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John Henrik Clarke
Jhc1.jpg
Born
John Henry Clark

Union Springs, Alabama
Died
New York City, New York
Resting placeGreen Acres Cemetery, Columbus, Georgia
CitizenshipUnited States
Notable work
Africans at the Crossroads: Notes For An African World Revolution, African People In World History
Spouse(s)Sybille Williams Clarke
ChildrenEugenia Evans Clarke, Lillie Clarke, Nzingha Marie, Sonny Kojo
Parent(s)Willie Ella Mays Clark
Websitehttp://www.library.cornell.edu/africana/

John Henrik Clarke (January 1, 1915 - July 16, 1998), born John Henry Clark, was a Pan-Afrikan writer, historian, professor, and a pioneer in the creation of Africana studies and professional institutions in academia starting in the late 1960s. He was Professor of African World History and in 1969 founding chairman of the Department of Black and Puerto Rican Studies at Hunter College of the City University of New York. He also was the Carter G. Woodson Distinguished Visiting Professor of African History at Cornell University’s Africana Studies and Research Center. In 1968 along with the Black Caucus of the African Studies Association, Clarke founded the African Heritage Studies Association. A self-educated intellectual, Clarke documented the histories and contributions of African peoples in Africa and the diaspora, creating an Afrocentric perspective.


Early Afrikan Inspiration[edit]

Clarke was inspired by his third grade teacher, Ms. Harris, who "convinced me that one day I would be a writer." But before he became a writer he became a voracious reader. Inspired by Richard Wright's Black Boy, Clarke went to New York via Chicago. He enlisted in the army and earned the rank of Master Sergeant. Clarke moved to Harlem and committed himself to a lifelong pursuit of factual knowledge about the history of his people and creative application of that knowledge.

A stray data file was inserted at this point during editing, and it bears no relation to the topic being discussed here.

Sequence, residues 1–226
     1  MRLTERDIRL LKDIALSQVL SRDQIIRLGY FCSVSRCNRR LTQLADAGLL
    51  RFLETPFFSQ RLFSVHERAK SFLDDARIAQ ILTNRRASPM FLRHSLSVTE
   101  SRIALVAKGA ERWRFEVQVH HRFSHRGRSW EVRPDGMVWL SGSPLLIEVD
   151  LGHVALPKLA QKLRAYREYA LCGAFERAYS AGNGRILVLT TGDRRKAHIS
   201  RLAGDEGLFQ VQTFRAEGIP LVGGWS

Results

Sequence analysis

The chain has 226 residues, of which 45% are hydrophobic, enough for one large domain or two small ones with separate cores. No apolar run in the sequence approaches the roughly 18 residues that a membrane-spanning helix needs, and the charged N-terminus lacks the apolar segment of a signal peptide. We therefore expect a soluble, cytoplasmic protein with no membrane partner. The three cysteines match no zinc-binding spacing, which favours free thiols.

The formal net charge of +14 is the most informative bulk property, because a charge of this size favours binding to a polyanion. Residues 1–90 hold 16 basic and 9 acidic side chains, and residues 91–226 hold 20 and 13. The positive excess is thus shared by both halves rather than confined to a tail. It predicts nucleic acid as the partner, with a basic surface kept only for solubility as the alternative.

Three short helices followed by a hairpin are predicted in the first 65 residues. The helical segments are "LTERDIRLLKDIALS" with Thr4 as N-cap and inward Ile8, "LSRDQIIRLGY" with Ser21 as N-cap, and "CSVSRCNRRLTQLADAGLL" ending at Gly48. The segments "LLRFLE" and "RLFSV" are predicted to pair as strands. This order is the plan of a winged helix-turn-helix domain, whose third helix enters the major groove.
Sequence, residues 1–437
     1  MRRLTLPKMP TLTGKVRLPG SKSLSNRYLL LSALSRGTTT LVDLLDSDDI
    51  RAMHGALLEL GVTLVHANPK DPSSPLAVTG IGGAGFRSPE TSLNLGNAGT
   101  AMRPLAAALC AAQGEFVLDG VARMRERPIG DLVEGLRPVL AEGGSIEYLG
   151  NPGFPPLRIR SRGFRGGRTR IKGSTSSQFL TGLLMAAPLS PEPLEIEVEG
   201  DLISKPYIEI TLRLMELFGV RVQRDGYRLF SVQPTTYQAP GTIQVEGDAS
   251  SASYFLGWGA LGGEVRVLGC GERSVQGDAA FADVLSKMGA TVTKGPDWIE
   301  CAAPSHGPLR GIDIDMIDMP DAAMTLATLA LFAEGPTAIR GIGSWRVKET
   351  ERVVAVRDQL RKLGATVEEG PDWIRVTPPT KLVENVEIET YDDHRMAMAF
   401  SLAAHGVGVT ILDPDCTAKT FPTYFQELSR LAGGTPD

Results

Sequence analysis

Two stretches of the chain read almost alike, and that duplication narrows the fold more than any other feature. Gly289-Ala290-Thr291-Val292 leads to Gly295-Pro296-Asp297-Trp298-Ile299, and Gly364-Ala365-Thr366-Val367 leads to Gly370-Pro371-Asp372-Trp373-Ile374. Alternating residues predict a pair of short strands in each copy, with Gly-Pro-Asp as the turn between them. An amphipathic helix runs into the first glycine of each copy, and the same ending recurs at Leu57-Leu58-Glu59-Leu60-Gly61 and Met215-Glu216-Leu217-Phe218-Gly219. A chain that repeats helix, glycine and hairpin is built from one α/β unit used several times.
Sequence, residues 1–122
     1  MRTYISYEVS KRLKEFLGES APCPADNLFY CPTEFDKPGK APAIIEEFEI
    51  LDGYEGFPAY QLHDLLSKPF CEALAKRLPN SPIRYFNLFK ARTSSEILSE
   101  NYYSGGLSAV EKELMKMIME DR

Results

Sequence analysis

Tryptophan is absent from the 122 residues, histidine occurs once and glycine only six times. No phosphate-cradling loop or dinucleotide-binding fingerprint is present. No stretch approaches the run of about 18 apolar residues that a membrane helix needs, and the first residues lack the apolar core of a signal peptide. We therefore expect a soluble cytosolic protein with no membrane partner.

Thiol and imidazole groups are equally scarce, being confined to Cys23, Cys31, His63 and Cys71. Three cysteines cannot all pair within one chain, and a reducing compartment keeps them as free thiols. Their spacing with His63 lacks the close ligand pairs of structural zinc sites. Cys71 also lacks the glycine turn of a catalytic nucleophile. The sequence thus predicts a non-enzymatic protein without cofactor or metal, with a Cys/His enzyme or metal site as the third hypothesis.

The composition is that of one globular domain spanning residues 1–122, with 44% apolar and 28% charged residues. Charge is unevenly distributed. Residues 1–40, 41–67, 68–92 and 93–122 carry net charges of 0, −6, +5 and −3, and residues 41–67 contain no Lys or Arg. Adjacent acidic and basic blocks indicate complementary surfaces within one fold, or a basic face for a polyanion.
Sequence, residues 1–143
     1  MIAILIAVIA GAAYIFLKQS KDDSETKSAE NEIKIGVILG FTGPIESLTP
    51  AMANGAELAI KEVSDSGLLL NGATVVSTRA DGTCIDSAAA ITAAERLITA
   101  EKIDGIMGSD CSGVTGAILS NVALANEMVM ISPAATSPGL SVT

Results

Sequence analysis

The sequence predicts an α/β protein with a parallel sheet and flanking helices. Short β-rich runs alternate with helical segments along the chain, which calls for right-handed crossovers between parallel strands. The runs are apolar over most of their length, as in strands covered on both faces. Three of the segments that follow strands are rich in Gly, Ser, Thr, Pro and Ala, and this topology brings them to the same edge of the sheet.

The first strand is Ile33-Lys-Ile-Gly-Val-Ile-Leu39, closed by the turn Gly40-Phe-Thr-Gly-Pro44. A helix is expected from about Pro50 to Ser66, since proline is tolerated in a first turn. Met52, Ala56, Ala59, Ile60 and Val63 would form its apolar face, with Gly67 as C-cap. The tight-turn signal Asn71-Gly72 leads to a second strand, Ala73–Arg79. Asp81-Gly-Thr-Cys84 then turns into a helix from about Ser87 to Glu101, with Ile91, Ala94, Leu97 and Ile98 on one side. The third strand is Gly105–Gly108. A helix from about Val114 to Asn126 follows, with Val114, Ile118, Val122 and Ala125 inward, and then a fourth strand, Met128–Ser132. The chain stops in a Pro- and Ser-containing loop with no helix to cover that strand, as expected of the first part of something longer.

Growth of a Scholar[edit]

Over the years, Clarke became both a major historian and a man of letters. Although he is probably better known as a historian, his literary accomplishments were also significant. He wrote over two hundred short stories. "The Boy Who Painted Christ Black" is his best known short story. Clarke edited numerous literary and historical anthologies including American Negro Short Stories (1966), an anthology which included nineteenth century writing from writers such as Paul Laurence Dunbar and Charles Waddell Chestnut, and continued up through the early sixties with writers such as LeRoi Jones (Amiri Baraka) and William Melvin Kelley. This is one of the classic collections of Black fiction.

Reflective of his commitment to his adopted home, Clarke also edited Harlem, A Community in Transition and Harlem, U.S.A. Never one to shy away from the difficult or the controversial, Clarke edited anthologies on Malcolm X and a major collection of essays decrying William Styron's "portrait" of Nat Turner as a conflicted individual who had a love/hate platonic and sexually-fantasized relationship with Whites. In both cases, Clarke's work was in defense of the dignity and pride of his beloved Black community rather than an attack on Whites. What is significant is that Clarke did the necessary and tedious organizing work to bring these volumes into existence and thereby offer an alternative outlook from the dominant mainstream views on Malcolm X and Nat Turner, both of whom were often characterized as militant hate mongers. Clarke understood the necessity for us to affirm our belief in and respect for radical leaders such as Malcolm X and Nat Turner. It is interesting to note that Clarke's work was never simply focused on investigating history as the past, he also was proactively involved with history in the making.